- Last Updated on Wednesday, 03 October 2012 00:41
- Published on Wednesday, 03 October 2012 00:41
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Relocating Town Hall
Public Works Committee Chair, Gary Seeber began his meeting with, “We are looking into relocating town hall.”
A memo to the town council and public works committee from Town Manager, Val Foulds, dated August 8, 2012 outlines some of the physical problems that exist in town hall.
An outdated HVAC unit and single pane windows have caused the need for fans and window units to keep the buildings temperatures at a comfortable level. However the noise from units have created a safety concern since the building does not have an alarm system. Employees in areas where fans and window units are in place can not hear what is going on outside of their work space or offices.
Foulds reported that during the record-breaking heat this summer the Treasurer’s Office has been stifling and unbearable.
Puller Heating and Air Conditioning was called to service the HVAC system at town hall. After inspection of the system, Mr. Puller concluded that all components were working at full capacity and that the system did not adequately meet the needs of the building’s office environment.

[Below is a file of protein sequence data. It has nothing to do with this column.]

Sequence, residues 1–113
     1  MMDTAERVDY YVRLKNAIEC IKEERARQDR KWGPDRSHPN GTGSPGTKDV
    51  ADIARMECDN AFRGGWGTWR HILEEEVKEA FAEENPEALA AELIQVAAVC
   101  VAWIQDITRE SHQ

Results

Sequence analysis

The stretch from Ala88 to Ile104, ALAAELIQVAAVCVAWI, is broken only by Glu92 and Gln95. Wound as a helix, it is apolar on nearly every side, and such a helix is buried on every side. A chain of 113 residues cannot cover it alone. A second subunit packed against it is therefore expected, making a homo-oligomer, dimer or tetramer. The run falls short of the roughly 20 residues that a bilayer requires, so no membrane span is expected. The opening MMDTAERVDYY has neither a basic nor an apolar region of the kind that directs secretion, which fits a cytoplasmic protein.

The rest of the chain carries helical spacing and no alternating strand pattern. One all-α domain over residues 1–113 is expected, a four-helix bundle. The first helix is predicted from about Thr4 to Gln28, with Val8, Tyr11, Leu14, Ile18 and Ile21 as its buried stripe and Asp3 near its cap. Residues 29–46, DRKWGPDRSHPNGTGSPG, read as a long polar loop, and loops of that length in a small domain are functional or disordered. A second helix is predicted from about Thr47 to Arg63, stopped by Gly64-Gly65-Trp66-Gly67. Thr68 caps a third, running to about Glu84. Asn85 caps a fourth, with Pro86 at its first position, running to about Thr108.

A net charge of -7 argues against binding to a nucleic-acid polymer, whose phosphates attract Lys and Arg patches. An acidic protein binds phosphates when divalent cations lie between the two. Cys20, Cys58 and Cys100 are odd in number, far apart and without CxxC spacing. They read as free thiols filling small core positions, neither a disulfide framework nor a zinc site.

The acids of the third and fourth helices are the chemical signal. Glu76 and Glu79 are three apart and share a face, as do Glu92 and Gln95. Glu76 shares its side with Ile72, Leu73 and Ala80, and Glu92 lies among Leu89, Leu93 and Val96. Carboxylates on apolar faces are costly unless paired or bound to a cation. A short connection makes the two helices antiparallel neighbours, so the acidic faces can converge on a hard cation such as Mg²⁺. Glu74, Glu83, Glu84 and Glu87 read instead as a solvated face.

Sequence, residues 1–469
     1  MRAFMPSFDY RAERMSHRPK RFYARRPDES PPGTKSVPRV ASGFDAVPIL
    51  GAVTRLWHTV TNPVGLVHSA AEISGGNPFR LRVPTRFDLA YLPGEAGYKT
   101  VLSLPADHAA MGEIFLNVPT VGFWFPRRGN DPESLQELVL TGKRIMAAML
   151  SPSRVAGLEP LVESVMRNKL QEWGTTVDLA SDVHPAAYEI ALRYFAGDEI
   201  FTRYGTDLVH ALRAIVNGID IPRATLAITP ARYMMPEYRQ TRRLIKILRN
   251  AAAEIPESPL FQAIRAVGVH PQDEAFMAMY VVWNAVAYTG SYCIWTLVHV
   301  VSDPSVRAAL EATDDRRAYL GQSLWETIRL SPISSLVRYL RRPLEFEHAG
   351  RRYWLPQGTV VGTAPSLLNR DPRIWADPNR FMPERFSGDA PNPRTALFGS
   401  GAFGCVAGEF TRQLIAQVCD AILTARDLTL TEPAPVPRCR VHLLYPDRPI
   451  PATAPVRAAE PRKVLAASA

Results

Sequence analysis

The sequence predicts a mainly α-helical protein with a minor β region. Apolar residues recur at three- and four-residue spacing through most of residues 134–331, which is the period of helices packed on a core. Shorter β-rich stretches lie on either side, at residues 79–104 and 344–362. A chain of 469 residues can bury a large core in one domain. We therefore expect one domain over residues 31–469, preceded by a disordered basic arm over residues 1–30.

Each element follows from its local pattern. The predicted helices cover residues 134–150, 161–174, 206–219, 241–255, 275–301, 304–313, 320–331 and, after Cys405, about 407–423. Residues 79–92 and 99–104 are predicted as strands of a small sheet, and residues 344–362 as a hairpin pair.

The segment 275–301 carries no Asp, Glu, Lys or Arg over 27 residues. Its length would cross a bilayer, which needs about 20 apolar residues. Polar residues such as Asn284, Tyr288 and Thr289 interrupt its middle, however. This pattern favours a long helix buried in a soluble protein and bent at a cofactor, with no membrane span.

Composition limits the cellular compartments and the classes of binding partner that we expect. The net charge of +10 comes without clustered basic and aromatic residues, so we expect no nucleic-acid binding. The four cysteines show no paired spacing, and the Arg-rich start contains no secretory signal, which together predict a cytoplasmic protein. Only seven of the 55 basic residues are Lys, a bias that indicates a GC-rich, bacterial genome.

A staff member purchased several fans with their own money but Foulds reports it has made little difference in the temperature and stagnant air quality.
Foulds also reported in her memo that “several employees in the building have had recurring bouts of respiratory ailments. At least one employee has been tested for allergies and has medical documentation confirming that they are allergic to dust and mold. Other employees have had recurring colds that seem to linger.”
Seeber reported to the public that the owners of the Rankins Shopping Center have approached the town with an offer to purchase the building and allow the Rankins to become tenants. However the absence of an Economic Development Authority may make this option unavailable since local governments are limited in the area of becoming landlords for profit.
Seeber justified supporting this type of proposal by saying that the town is already paying rent on the Police Station and Building and Zoning offices.
The town has entertained thoughts of building a central government complex on one site along Colonial Ave. Seeber stated that a survey of the old public works site located at 700 Colonial Ave revealed that needed upgrades would cost between five and six million dollars.
Foulds plans to pursue inspections as needed starting with the town’s building inspector, Dextor Monroe, asking to perform an inspection of the building in the near future.
Monroe Point’s failure to comply
Director of Finance, Joan Grant reported to Chairman Seeber that the town is having trouble collecting on back payments for water usage from Monroe Point developers.
In November of 2011 it was discovered that Monroe Point, located across from the Food Lion shopping center, had a separate connection for watering the lawns at the town homes.
Monroe point gave the town an estimate for water usage which did not agree with the towns research into the matter.